Recently, articles by sources like CNN and NPR have been reporting about the discharge of foreign-born recruits under the MAVNI program.
Military Accessions Vital to the National Interest, or MAVNI program, began in 2009 and expired in 2017. The purpose of the program was to recruit qualified foreign citizens who have arrived and are in the U.S. legally (i.e. student or work visas) to serve in the U.S. army in areas in need, such as: medicine, fluency in certain foreign languages, and more. The perk of those taking part in MAVNI program was a path to U.S. Citizenship.
The U.S. Army has administratively discharged a number of MAVNI recruits who had been waiting for clearance to enlist and begin their work in the army and path towards U.S. Citizenship. Some of the discharged recruits have not been given a specific reason for their discharge, while others have been told that their discharges are for national security concerns and their unsuitability to serve in the military for failing security and background checks. Discharged recruits have also noted that they have not been able to appeal their case.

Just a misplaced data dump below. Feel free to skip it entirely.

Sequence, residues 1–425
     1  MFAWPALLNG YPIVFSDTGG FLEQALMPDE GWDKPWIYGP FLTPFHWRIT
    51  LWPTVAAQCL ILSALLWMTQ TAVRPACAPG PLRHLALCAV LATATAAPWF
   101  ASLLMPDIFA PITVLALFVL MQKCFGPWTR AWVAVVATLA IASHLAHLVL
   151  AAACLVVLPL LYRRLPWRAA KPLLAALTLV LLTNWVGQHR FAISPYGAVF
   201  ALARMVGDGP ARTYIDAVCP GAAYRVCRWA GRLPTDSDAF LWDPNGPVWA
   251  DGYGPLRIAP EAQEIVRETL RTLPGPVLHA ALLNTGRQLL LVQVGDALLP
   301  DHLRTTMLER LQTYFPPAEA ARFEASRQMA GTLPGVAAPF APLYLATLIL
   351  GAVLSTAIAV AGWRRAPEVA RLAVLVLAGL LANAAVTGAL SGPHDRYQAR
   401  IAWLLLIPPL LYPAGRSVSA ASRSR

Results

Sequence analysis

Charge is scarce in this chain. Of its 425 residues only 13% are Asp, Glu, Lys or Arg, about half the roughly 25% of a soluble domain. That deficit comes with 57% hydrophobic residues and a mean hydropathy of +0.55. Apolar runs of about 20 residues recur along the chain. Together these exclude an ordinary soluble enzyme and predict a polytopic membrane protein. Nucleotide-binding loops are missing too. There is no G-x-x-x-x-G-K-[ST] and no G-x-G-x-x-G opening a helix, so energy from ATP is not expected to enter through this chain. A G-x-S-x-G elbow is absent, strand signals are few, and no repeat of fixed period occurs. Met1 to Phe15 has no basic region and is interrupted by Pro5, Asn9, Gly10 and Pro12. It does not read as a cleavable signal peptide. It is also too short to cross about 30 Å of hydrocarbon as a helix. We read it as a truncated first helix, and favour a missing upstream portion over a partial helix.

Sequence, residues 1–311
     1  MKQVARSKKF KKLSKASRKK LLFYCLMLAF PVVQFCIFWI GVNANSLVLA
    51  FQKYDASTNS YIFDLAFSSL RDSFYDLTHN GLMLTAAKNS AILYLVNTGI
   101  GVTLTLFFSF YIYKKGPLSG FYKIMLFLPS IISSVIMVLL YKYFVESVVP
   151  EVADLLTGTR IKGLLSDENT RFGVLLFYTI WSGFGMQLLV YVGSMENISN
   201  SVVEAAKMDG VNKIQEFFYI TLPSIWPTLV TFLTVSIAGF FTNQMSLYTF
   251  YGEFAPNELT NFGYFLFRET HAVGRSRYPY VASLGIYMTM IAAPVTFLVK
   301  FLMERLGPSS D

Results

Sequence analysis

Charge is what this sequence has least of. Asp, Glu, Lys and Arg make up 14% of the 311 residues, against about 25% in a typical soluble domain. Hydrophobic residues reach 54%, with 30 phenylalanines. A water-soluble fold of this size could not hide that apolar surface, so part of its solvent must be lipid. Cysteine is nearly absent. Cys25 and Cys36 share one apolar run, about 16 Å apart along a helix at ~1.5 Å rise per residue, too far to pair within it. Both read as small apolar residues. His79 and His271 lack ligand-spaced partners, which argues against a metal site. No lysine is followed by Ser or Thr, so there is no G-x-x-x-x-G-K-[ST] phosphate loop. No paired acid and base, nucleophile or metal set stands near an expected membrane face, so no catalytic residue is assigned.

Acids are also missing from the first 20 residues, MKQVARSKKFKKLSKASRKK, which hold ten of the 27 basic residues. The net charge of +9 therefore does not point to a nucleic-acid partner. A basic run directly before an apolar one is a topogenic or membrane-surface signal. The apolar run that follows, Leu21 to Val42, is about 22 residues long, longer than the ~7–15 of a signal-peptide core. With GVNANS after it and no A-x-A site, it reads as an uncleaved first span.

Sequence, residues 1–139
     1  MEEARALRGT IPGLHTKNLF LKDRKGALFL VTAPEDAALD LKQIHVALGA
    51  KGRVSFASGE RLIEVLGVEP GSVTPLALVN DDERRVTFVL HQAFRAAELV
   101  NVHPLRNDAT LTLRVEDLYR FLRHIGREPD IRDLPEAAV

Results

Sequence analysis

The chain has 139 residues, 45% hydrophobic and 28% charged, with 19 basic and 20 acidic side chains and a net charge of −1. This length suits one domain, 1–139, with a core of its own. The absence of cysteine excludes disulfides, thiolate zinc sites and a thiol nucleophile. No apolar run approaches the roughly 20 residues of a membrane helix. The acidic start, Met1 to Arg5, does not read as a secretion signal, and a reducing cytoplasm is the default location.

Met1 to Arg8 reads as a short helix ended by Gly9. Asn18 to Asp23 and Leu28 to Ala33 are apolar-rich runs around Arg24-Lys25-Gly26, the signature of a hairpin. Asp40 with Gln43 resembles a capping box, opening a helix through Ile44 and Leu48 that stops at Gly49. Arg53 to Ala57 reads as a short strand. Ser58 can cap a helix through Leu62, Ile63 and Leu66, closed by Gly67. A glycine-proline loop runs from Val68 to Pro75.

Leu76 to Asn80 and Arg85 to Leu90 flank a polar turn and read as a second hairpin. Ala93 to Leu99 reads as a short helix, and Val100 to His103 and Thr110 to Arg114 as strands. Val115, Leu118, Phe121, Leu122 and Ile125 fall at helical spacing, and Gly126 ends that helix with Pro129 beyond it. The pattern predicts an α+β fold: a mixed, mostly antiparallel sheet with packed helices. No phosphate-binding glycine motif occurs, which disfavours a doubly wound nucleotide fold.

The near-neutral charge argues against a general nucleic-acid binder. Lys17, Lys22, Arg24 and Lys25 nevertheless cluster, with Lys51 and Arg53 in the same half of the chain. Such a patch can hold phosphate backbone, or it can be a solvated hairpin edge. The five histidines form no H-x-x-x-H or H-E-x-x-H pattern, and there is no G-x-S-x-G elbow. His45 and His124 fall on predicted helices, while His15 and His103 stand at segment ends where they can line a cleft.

What legal and immigrant complications will this create?
While the Department of Defense has stated that those honorably discharged are not in danger of facing deportation, it remains unclear if administratively discharged, which is what these MAVNI recruits have received, qualifies as an honorable discharge. Hence, their immigrant status is in limbo and it remains unclear whether they must return to their countries of origin once their current status expires.
It remains to be seen how the discharge will affect the legal status of these immigrants in the upcoming days. Naturally, those discharged can retain immigration attorneys to look into their case, as depending on the individual’s case, there may be solutions or other options to continue to legally remain in the United States. Depending on the specific nuances of a case, an attorney may be able to place clients on a different route to legal residency, stay, or citizenship in the United States.